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How Vaccines Are Approved

September 2, 2020

vaccination shot

Author

Elizabeth (Izzy) Montgomery, MPA
Policy Analyst
501-526-2244
efmontgomery@achi.net

 

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On Sunday, Aug. 30, Food and Drug Administration (FDA) Commissioner Dr. Stephen Hahn signaled a willingness to fast-track the approval process for a COVID-19 vaccine through an emergency use authorization (EUA). In this post we examine the standard process by which vaccines are approved.

Commissioner Hahn indicated that an EUA could be granted to a vaccine before Phase 3 clinical trials have concluded. We have previously written about EUAs, which have a less rigorous review process and standards than traditional approvals.

In the U.S., the FDA Center for Biologics and Evaluation Research is the entity charged with the task of regulating biological products for human use, including vaccines. This authority is cited in Section 351 of the Public Health Service Act along with sections of the Federal Food, Drug, and Cosmetic Act.

In contrast to expedited approval avenues, there are multiple steps leading to the traditional licensure, or approval, of a vaccine. First, there is the pre-licensure phase. Initially, this phase includes the development of the vaccine itself by its manufacturer, requiring laboratory testing to ensure the vaccine has potential and that it is safe to use in people. A vaccine sponsor must also submit an Investigational New Drug application to the FDA, which describes the vaccine, how it is manufactured, and what quality-control tests will be conducted.

The next part of the pre-licensure phase includes clinical trials. As we discusses in a previous post, clinical trials are a vital component of the development process for vaccines, medications, and other medical treatments. At this writing, there are 36 vaccines for COVID-19 in clinical trials on humans and another 90 preclinical vaccines under active investigation in animals. The New York Times Vaccine Tracker provides a snapshot of where vaccines stand in the approval process.

Clinical trials include the following distinct phases:

  • Phase 1: The objectives of this phase are to determine whether the intervention being tested is safe and determine an appropriate dosage. Usually, fewer than 100 healthy people receive the intervention and are closely observed to identify any adverse reactions or side effects.
  • Phase 2: In this phase, the objective shifts to testing whether an intervention works in treating a particular condition, and the trial enrolls people with that condition. At this stage, more people may receive the intervention (usually 100‒300). Researchers continue to monitor side effects and gather other key information they need to begin designing Phase 3 of the clinical trial.
  • Phase 3: The objective of this phase is to prove that an intervention works in treating the condition, particularly when compared to other existing treatments for the same condition. This phase requires randomization ― for example, giving some participants the new medication being tested and giving other participants an existing medication used to treat the disease. Side effects continue to be monitored, and researchers may enroll as many participants as the study design requires at this stage, often 1,000 or more. The FDA also emphasizes the importance of adequate representation of racial and ethnic minority populations in clinical trials since these populations have been adversely affected by COVID-19.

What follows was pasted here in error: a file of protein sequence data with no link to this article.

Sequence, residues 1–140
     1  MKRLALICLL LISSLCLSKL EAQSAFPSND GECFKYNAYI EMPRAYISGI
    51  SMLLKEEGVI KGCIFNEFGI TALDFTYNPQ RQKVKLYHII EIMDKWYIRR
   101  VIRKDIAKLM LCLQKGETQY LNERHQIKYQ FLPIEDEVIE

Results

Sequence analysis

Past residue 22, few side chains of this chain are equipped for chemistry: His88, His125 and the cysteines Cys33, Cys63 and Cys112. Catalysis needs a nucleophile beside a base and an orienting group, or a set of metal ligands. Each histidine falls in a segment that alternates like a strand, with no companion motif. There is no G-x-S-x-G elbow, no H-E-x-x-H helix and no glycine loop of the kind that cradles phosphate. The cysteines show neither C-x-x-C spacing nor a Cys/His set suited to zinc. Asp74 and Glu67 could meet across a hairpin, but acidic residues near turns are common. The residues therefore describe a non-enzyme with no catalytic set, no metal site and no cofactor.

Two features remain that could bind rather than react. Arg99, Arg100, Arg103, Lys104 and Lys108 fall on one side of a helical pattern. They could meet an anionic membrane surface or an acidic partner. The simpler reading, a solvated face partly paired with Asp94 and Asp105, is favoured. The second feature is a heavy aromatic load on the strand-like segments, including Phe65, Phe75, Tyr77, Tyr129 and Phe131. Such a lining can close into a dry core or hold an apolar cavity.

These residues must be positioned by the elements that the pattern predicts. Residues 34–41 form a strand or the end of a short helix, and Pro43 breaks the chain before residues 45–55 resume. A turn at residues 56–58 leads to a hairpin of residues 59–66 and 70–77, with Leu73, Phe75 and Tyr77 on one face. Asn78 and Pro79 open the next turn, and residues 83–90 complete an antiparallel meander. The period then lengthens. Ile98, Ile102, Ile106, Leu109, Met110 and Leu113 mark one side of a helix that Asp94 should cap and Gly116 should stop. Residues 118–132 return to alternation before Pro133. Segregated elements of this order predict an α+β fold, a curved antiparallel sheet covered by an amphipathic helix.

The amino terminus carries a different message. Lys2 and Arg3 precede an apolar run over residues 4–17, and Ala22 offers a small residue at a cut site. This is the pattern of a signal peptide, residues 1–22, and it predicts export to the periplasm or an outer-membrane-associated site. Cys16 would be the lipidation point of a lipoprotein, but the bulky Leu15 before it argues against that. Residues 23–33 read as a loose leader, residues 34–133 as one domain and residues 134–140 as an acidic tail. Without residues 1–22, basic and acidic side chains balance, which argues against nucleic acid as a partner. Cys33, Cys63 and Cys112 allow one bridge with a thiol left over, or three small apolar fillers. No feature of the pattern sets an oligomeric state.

If there is successful completion of all three clinical trial phases, the vaccine sponsor submits a Biological License Application which is then considered by an FDA review team. Following this review, the sponsor and the FDA may present their findings to the FDA’s Vaccines and Related Biological Products Advisory Committee, which makes a recommendation to the FDA. The approval process also requires the submission of adequate product labeling to allow healthcare providers and consumers to understand how to use the vaccine, along with potential risks and benefits.

Following the completion of these activities, the vaccine may be approved by the regulatory agency and can be marketed. This also marks the post-licensure vaccine safety monitoring period. The FDA collects data to monitor adverse events associated with the vaccine, which is housed in the Vaccine Adverse Event Reporting System (VAERS). This is a national system used by both the FDA and the Centers for Disease Control and Prevention (CDC) to collect reports of adverse events happening after people receive the vaccine. Additionally, scientists also use the CDC’s Vaccine Safety Datalink to perform studies to determine if side effects reported to VAERS are related to specific vaccinations.

In June, the FDA issued guidance on the development and licensure of COVID-19 vaccines, asserting that “the goal of development programs at this time should be to support traditional FDA approval by conducting studies to directly evaluate the ability of the vaccine to protect humans from SARS-CoV-2 infection and/or disease.” However, the guidance also states that consideration for the FDA’s accelerated approval process may be available to vaccine candidates if an immune response or another measure likely to predict clinical benefit is identified. The same guidance indicates that any potential EUA for a COVID-19 vaccine would be made on a case-by-case basis and be data-driven, noting that the FDA would only approve an EUA for vaccines that demonstrate at least 50% efficacy.